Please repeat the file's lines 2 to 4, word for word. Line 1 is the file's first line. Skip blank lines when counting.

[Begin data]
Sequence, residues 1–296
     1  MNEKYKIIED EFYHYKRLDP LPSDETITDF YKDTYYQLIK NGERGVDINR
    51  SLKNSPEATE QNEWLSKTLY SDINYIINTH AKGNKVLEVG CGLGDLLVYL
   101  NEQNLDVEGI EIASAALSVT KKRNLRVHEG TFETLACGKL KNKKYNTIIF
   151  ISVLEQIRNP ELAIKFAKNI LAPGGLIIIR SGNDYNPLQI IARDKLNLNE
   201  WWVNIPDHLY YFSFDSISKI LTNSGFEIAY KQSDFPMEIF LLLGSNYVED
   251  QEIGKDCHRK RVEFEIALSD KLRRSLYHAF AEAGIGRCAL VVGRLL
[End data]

     1  MNEKYKIIED EFYHYKRLDP LPSDETITDF YKDTYYQLIK NGERGVDINR
    51  SLKNSPEATE QNEWLSKTLY SDINYIINTH AKGNKVLEVG CGLGDLLVYL
   101  NEQNLDVEGI EIASAALSVT KKRNLRVHEG TFETLACGKL KNKKYNTIIF